Create a persona. People act with personalities and you should create one for your conversation experience. The persona can steer the language that presents the message. Based on the persona, the welcome message could vary. Consider the differences:

  • “Howdy y’all!”
  • “What may I do for you today?”
  • “VA Roger reporting for duty.”

Tighten message length. Say what needs to be said and be done. Bullet points and numbered lists convey more information in less words.

A huge part of unsuccessful chatbots? When the user tries to go off-script. The tighter you keep the message, the narrower the channel of communication is, and the better you lead your user through a dialogue.

Provide user response options. You should prompt a user with accepted prompts. You train them to know what inquiries are appropriate for your system.

This is sometimes overlooked, and/or undervalued, but this same communication works well in other domains as well. Comedians are more successful when they queue the audience to laugh, and street performers are more successful when they give the audience optional answers after they ask a question.

This works because it puts constraints around the user response by setting an expectation of what kinds of responses are reasonable.

Build in feedback loops. Remember, communication is a two-way street—use employee feedback to assess and improve the effectiveness of your messaging.

(Read more about feedback loops.)

See how BMC engineers build chatbots:

Phase 2: Implement the chat agent

5. Train your chatbots

There are tools out there to design chatbots, like Voiceflow, and there are services to actually create a chat agent like Google’s DialogFlow or BMC Helix.

Training a chatbot often requires labeling data, which is handled through the software. You can start by using the bot yourself by working through some test scripts you’ve written out, and progress to sending the bot to other beta testers.

Most chatbot software has labeling features in it that allow you to tag pieces of text as particular entities or intents. After you and your beta testers have used the chat, you can go through the logs of the conversations and label the data.

Chatbot data has a couple essential labels:

  • Entities are things like cities, names, times. This is very similar to part-of-speech tagging.
  • Intents are used to identify the motive of the user. They classify whether the user is requesting the time, to order a pizza, to report a bug, or to inquire about the current usable version of the software.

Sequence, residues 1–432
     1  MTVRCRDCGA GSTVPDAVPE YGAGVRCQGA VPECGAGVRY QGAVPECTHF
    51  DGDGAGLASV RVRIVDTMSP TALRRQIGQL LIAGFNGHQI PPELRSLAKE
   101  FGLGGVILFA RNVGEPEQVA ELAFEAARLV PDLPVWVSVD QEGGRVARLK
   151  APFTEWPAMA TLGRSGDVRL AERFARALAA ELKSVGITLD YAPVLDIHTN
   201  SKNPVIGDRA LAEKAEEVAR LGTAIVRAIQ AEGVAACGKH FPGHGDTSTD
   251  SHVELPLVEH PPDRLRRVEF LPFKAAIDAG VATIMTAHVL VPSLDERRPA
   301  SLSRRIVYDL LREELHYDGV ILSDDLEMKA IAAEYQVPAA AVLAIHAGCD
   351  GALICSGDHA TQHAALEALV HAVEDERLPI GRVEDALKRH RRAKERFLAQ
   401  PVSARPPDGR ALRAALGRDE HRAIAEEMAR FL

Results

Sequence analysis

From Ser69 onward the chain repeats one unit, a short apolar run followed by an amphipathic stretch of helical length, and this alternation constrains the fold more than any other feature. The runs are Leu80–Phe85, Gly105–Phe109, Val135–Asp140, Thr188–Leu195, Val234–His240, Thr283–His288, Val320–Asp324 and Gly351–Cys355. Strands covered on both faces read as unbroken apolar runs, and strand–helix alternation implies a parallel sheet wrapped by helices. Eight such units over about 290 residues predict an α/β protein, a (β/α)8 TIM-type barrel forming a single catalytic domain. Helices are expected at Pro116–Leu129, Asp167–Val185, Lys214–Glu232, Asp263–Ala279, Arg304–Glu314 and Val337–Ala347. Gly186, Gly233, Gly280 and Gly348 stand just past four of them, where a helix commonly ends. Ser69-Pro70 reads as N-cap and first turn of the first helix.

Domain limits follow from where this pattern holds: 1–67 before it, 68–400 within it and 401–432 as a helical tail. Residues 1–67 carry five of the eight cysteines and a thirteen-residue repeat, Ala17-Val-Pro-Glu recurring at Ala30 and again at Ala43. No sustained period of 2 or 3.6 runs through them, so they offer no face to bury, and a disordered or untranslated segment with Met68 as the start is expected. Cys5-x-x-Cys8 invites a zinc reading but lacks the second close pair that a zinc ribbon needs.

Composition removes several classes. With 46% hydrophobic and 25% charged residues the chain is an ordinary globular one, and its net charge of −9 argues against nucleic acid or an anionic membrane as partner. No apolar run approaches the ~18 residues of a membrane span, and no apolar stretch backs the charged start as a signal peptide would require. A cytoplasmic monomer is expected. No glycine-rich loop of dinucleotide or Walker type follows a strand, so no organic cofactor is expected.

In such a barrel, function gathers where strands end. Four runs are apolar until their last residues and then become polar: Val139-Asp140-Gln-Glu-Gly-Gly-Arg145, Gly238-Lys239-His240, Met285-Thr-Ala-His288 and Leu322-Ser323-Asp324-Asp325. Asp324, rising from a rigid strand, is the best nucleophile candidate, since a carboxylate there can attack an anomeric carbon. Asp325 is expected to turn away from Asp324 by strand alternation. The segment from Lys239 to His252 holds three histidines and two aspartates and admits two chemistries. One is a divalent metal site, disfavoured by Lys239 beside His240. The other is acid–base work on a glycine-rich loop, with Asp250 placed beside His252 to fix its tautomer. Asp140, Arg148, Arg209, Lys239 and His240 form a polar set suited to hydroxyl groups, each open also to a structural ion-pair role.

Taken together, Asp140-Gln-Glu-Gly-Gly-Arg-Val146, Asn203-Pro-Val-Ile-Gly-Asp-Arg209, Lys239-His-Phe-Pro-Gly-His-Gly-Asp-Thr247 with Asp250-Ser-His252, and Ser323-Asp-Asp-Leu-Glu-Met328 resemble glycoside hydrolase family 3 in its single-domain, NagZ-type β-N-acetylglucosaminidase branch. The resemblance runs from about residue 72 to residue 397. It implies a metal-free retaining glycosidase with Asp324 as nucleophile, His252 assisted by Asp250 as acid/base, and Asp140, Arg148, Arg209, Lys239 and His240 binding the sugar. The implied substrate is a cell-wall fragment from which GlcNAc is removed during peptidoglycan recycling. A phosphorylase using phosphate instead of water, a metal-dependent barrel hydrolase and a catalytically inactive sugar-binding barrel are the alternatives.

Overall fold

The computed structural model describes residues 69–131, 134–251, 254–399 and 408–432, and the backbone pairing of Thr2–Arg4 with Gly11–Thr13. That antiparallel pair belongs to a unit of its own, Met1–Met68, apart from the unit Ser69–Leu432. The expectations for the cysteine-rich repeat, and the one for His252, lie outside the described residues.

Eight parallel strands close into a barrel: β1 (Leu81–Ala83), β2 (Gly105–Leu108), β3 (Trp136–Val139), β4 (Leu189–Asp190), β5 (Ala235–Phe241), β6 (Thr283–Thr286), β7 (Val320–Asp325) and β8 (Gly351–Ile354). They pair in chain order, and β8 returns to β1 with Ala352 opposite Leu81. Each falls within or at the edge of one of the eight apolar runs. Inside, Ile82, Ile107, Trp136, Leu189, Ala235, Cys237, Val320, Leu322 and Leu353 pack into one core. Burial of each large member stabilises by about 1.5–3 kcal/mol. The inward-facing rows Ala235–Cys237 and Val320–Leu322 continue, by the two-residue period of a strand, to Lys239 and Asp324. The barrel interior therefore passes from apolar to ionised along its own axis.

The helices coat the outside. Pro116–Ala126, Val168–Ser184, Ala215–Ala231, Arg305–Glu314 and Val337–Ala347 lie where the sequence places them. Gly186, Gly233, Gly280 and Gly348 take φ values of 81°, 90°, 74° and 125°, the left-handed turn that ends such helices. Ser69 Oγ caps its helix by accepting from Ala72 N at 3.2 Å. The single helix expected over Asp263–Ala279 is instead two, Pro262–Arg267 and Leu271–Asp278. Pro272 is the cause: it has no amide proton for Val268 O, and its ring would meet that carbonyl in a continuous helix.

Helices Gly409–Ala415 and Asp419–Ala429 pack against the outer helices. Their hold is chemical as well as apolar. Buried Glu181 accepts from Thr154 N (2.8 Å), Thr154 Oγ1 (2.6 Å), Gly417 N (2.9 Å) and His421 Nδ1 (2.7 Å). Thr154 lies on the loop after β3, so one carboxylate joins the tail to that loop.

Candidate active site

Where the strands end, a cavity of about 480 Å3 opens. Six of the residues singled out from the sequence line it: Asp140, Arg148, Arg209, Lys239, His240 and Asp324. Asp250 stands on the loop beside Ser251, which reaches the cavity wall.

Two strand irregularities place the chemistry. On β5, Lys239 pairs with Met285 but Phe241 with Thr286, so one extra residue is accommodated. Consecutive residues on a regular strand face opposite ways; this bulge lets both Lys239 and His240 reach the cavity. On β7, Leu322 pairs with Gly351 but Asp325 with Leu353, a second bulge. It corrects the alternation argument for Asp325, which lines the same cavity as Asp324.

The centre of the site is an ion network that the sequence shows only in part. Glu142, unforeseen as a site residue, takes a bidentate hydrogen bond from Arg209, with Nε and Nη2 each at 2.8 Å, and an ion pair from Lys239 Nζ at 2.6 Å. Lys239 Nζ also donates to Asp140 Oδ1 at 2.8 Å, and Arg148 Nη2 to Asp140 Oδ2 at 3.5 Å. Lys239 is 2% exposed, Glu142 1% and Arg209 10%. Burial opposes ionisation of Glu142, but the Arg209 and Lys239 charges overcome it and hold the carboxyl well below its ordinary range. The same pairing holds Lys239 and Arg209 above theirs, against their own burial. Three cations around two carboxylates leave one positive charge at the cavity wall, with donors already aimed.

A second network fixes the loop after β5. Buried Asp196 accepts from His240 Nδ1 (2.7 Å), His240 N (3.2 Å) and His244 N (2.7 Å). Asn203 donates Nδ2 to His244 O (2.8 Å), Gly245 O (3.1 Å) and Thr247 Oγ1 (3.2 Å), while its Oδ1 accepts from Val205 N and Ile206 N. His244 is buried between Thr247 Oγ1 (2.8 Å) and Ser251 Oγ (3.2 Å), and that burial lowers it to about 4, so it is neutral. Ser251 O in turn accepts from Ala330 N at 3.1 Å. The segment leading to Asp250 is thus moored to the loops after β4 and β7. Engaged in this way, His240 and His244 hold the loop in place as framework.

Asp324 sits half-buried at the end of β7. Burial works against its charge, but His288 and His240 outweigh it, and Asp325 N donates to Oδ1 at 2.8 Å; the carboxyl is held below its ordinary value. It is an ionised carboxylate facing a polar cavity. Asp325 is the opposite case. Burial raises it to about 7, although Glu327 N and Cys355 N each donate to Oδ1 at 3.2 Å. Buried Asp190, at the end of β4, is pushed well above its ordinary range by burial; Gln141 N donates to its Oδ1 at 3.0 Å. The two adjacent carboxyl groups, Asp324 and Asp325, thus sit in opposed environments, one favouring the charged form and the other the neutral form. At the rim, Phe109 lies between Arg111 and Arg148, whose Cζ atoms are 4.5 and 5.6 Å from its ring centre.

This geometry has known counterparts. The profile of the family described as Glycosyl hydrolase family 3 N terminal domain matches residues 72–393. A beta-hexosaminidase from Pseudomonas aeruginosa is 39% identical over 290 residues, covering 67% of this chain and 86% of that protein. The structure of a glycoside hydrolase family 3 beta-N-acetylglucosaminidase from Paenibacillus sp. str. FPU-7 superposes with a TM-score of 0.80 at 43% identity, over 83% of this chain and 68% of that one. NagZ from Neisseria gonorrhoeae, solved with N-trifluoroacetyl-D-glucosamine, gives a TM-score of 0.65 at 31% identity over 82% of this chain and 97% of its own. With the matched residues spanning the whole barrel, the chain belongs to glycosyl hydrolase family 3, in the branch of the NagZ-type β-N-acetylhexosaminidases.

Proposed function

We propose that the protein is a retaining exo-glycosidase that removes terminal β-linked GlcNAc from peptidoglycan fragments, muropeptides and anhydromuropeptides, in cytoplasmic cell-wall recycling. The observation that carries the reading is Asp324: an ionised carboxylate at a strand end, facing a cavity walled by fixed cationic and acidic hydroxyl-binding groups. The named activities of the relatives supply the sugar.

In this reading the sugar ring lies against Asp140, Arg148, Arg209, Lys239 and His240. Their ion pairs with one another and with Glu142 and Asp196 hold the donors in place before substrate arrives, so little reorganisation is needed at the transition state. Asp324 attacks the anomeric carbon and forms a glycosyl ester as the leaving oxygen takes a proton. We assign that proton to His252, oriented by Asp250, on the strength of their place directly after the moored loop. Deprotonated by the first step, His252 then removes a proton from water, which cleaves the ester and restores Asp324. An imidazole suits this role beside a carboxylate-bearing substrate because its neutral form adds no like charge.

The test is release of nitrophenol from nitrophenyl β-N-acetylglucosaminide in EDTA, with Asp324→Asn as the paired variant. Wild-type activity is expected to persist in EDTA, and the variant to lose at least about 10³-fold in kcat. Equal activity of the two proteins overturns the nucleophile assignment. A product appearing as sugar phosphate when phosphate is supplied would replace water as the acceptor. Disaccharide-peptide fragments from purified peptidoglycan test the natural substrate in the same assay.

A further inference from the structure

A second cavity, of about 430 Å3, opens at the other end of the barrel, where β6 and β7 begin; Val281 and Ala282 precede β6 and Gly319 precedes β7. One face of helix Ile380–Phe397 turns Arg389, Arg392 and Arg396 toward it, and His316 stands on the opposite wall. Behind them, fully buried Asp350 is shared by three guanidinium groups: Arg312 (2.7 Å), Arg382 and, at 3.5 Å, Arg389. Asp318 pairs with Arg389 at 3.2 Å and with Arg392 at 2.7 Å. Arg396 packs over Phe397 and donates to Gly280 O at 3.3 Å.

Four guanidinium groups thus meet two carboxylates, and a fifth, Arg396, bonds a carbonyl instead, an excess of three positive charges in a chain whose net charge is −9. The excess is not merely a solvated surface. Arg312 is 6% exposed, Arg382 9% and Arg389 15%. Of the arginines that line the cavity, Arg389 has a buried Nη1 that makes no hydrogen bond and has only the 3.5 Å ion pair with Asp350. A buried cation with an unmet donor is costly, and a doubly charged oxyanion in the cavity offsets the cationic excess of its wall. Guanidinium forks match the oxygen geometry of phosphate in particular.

For example, “Tell me the time,” would be classified as the “requesting the time” intent, and “A large with cheese” should get classified as a pizza order.

There are machine learning models, then, that train on this dataset you have entered that then work during the chatbot’s use to predict the user’s text inputs as one of these intent “buckets”. Once the chat agent knows what the user’s intent is, then it can follow the dialog flow you have designed.

6. Deploy your bot

Next step: deploy your bot.

Often, there are API keys required to put your bot on chat UIs, like your company’s Facebook or Instagram, for instance. Wherever you are building your bot, they should offer clear instructions on how to integrate your newly formed bot with the interface you require.

Phase 3: Operations

7. Monitor & improve

Finally, chatbots are not a set-it-and-forget-it technology. To make sure you’re meeting expectations, continue to monitor usage and measure key benchmarks against the targets you’d initially set. If you see sub-par metrics in some areas, revise the learning procedure or the conversation flowchart to improve chatbot performance.

As both users and IT gain experience with your chatbot, you can begin to add new use cases. Users will likely ask about or suggest areas where chatbot functionality would be especially valuable—let their needs and expectations guide you. And as always, keep collecting feedback to make sure you’re providing the right experiences in the right ways to meet your goals.

Chatbots fuel transformation

As a high-visibility, high-value project, chatbot deployment can help set the tone and build momentum for your entire digital transformation agenda. In this light, getting it right will deliver powerful benefits for both users and IT. I hope these best practices help!

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These postings are my own and do not necessarily represent BMC's position, strategies, or opinion.

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About the author

Jonathan Johnson

Jonathan Johnson is a tech writer who integrates life and technology. Supports increasing people's degrees of freedom.